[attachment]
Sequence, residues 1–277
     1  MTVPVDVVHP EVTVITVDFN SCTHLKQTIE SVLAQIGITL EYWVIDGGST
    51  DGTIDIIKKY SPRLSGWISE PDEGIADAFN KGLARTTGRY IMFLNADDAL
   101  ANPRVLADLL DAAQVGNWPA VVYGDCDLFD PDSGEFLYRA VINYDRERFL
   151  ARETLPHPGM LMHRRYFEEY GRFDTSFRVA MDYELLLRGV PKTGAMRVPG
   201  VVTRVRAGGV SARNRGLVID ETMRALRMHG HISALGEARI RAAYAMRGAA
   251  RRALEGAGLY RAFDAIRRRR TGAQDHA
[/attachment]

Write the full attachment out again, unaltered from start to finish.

Sequence, residues 1–277
     1  MTVPVDVVHP EVTVITVDFN SCTHLKQTIE SVLAQIGITL EYWVIDGGST
    51  DGTIDIIKKY SPRLSGWISE PDEGIADAFN KGLARTTGRY IMFLNADDAL
   101  ANPRVLADLL DAAQVGNWPA VVYGDCDLFD PDSGEFLYRA VINYDRERFL
   151  ARETLPHPGM LMHRRYFEEY GRFDTSFRVA MDYELLLRGV PKTGAMRVPG
   201  VVTRVRAGGV SARNRGLVID ETMRALRMHG HISALGEARI RAAYAMRGAA
   251  RRALEGAGLY RAFDAIRRRR TGAQDHA